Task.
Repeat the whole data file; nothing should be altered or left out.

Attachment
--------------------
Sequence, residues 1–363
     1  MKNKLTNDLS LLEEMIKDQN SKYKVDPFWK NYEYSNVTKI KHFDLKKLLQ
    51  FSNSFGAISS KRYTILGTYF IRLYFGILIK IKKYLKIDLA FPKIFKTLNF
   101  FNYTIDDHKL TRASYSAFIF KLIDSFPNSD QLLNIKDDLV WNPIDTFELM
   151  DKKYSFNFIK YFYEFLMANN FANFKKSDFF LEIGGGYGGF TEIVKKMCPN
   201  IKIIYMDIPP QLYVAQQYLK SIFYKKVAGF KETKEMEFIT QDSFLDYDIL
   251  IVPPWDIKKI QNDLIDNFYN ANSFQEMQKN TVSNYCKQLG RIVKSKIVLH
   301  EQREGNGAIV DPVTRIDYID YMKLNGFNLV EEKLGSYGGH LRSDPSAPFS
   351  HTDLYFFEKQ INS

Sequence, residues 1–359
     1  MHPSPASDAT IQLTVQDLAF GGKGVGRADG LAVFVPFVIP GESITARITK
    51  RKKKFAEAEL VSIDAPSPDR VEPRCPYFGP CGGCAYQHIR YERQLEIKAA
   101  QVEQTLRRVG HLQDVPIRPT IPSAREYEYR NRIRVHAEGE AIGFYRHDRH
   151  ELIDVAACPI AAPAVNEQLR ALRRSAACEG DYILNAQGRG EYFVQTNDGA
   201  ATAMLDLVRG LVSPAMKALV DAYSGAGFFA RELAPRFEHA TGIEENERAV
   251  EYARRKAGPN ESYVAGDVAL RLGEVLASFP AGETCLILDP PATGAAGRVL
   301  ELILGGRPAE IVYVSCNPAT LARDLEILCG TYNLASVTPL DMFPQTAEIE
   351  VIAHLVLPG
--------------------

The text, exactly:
Sequence, residues 1–363
     1  MKNKLTNDLS LLEEMIKDQN SKYKVDPFWK NYEYSNVTKI KHFDLKKLLQ
    51  FSNSFGAISS KRYTILGTYF IRLYFGILIK IKKYLKIDLA FPKIFKTLNF
   101  FNYTIDDHKL TRASYSAFIF KLIDSFPNSD QLLNIKDDLV WNPIDTFELM
   151  DKKYSFNFIK YFYEFLMANN FANFKKSDFF LEIGGGYGGF TEIVKKMCPN
   201  IKIIYMDIPP QLYVAQQYLK SIFYKKVAGF KETKEMEFIT QDSFLDYDIL
   251  IVPPWDIKKI QNDLIDNFYN ANSFQEMQKN TVSNYCKQLG RIVKSKIVLH
   301  EQREGNGAIV DPVTRIDYID YMKLNGFNLV EEKLGSYGGH LRSDPSAPFS
   351  HTDLYFFEKQ INS

Sequence, residues 1–359
     1  MHPSPASDAT IQLTVQDLAF GGKGVGRADG LAVFVPFVIP GESITARITK
    51  RKKKFAEAEL VSIDAPSPDR VEPRCPYFGP CGGCAYQHIR YERQLEIKAA
   101  QVEQTLRRVG HLQDVPIRPT IPSAREYEYR NRIRVHAEGE AIGFYRHDRH
   151  ELIDVAACPI AAPAVNEQLR ALRRSAACEG DYILNAQGRG EYFVQTNDGA
   201  ATAMLDLVRG LVSPAMKALV DAYSGAGFFA RELAPRFEHA TGIEENERAV
   251  EYARRKAGPN ESYVAGDVAL RLGEVLASFP AGETCLILDP PATGAAGRVL
   301  ELILGGRPAE IVYVSCNPAT LARDLEILCG TYNLASVTPL DMFPQTAEIE
   351  VIAHLVLPG